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The Dead and the Gone by Susan Beth Pfeffer

The Dead and the Gone

by Susan Beth Pfeffer

Other authors: See the other authors section.

Series: The Last Survivors (2)

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1,5191404,862 (3.81)1 / 110

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A great companion piece in the series. Not necessary to have read the first to enjoy this books, but from what I can tell both books are important for the third in the series. Pfeffer does a great job of describing the terrible situation her characters are in, and in a very limited number of page. Readers should steady themselves for the shock they'll feel about the lack of preparation (economic, body, and mind) they have for a world changing event. ( )
  rdwhitenack | Oct 14, 2014 |
I accidentally read book 3 prior to reading book 2, and I'm glad that I did. If I had read this one prior to jumping into [b:This World We Live In|6393972|This World We Live In (Last Survivors, #3)|Susan Beth Pfeffer|https://d.gr-assets.com/books/1406787381s/6393972.jpg|6582550], I might not have continued on. While we see the world through Miranda's eyes in books 1 and 3, we see it through Alex's in this one. It was a bit on the nose. Yes, we get it. They are Puerto Rican. They are Catholic. No subtlety here. I didn't find any of the characters likable. Bri was dumb. Alex was an aspiring saint / asshat. Julie was the only one who was remotely bearable. Too much is happening, and not enough is resolved.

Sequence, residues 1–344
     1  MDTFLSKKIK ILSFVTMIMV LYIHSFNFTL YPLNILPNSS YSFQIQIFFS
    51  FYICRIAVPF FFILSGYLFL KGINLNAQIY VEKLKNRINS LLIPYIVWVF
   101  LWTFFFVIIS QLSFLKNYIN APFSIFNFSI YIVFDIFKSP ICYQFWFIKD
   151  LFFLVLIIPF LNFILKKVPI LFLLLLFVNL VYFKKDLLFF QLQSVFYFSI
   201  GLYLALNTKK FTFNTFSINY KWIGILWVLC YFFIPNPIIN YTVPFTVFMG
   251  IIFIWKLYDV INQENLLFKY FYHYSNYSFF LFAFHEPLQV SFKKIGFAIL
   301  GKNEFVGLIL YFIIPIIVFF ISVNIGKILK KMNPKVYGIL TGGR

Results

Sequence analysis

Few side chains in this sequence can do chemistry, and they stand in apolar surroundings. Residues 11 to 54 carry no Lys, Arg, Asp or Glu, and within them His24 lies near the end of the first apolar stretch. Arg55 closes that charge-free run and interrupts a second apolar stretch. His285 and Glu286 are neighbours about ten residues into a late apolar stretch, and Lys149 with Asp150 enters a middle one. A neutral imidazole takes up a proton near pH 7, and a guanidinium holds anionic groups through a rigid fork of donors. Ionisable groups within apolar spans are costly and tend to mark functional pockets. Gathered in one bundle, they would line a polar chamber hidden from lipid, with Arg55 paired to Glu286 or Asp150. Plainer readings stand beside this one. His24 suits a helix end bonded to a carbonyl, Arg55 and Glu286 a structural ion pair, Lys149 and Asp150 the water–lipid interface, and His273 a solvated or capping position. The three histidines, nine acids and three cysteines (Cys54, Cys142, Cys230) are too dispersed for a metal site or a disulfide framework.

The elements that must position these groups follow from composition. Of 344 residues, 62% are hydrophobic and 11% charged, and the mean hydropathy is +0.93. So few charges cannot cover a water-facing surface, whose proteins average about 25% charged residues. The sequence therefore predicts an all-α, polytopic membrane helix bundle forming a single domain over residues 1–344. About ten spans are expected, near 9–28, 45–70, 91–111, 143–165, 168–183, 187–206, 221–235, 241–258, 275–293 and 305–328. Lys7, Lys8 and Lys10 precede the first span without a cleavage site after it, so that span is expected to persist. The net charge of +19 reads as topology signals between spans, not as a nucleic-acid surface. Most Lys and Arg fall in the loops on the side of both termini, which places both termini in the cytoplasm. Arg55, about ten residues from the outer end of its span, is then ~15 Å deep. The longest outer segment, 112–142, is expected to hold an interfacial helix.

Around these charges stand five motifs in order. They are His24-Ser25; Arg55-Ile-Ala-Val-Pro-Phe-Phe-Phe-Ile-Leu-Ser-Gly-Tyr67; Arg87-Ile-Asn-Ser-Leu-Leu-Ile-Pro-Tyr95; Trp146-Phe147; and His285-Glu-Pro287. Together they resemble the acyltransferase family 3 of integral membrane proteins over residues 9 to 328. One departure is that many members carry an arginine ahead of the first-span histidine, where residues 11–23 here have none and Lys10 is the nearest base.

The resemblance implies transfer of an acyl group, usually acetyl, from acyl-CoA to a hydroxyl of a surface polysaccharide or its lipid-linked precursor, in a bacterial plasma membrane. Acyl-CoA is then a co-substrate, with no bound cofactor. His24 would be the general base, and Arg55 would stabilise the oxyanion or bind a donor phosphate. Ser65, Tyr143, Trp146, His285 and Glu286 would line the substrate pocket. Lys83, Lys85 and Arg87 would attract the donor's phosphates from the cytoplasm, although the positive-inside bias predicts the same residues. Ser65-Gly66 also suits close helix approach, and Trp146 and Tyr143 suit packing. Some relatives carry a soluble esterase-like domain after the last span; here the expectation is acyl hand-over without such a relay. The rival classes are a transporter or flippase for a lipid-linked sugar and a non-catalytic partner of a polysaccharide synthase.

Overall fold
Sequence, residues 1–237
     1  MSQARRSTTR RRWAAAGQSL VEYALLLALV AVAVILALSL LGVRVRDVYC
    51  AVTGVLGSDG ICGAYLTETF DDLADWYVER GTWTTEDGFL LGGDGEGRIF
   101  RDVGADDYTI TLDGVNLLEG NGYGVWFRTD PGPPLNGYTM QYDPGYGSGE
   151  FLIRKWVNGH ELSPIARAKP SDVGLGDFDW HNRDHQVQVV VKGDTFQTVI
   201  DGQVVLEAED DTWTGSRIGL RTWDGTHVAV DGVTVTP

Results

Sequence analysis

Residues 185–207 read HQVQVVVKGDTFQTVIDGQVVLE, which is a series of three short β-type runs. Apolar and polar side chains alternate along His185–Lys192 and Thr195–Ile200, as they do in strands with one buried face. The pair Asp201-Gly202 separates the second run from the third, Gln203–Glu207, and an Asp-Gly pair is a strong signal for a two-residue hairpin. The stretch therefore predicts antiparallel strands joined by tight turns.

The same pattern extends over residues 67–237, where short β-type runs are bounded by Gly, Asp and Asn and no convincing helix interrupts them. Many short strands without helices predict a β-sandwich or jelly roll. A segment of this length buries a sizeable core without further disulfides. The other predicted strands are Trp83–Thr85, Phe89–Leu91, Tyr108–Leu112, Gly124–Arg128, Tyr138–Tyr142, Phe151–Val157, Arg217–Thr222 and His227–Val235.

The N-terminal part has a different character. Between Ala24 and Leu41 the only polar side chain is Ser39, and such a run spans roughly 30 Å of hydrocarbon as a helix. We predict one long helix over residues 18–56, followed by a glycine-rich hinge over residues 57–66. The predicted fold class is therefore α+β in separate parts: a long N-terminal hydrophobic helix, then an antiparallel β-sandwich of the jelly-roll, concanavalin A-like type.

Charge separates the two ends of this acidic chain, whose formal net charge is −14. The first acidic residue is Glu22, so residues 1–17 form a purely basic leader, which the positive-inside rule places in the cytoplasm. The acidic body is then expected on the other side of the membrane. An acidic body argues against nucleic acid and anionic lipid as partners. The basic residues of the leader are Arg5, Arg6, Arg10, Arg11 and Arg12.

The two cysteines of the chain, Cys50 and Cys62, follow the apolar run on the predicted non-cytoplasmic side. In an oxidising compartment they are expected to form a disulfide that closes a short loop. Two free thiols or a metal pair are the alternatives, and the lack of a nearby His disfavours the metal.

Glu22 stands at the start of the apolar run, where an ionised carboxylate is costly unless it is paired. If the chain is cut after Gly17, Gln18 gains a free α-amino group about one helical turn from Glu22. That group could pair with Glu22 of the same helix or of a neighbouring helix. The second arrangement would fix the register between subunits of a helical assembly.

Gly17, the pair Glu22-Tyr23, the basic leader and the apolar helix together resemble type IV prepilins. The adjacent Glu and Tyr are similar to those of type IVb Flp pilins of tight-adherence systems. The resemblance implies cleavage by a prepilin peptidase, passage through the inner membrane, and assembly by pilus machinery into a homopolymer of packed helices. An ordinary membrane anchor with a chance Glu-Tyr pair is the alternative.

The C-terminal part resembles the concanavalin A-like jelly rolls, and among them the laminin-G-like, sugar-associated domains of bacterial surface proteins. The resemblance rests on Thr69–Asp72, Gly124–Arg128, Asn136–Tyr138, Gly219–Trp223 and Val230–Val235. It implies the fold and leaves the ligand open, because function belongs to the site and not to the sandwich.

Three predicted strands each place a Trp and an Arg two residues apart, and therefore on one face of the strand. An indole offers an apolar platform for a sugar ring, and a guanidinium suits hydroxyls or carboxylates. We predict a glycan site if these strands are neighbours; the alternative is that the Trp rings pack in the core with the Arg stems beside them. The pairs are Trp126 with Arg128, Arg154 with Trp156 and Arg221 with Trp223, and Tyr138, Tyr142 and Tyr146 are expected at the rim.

This installment shows what happens in New York after a meteor knocks the moon closer to the Earth. We follow Alex and his sisters as they try to survive there and it follows the same timeline as book 1. This book could be read as a stand-alone novel, but I wouldn't recommend it.

The Alex you meet in this book is different from the one viewed through Miranda's eyes in book 3, and that's a good thing. I guess it helps you to understand a little about his decisions in book 3, but not entirely. I recommend reading them out of order or you might not continue with the series. ( )
  GovMarley | Oct 7, 2014 |
When the moon is struck by an asteroid, just like Miranda in "Life as we knew it, " 17 year old Alex Morales' life is turned upside down. Both of his parents are gone, and he is responsible for his younger sisters Brianna and Julie. Their struggles, fears, and sacrifices as they try to survive in a world gone mad will make readers wonder anew how they would respond if our moon suddenly created chaos in the world. A tear or two may be shed reading Alex's struggles to provide for his sisters. ( )
  ShouldIReadIt | Sep 26, 2014 |
Life as We Knew It was pretty good. I enjoyed reading it. The Dead and the Gone isn’t really a continuation of the first one, it’s set in a different setting this time in New York City. Instead of a female protagonist, we have a male one who’s like the previous main character, has a family to take care of.

What I liked about this book is the development of the setting. I liked how throughout the book areas around Alex and his sisters start dying out, and the city starts getting abandoned slowly. I enjoyed how this was illustrated throughout the story. Character development was well done in this book. I thought Julie did a lot of growing up especially during the last third of the book. Alex, well he did take charge of being the ‘man of the house’ but he wasn’t a great as a main character as I hoped he would be. Bri on the other hand, just ended up being the annoying character nobody wants to read about.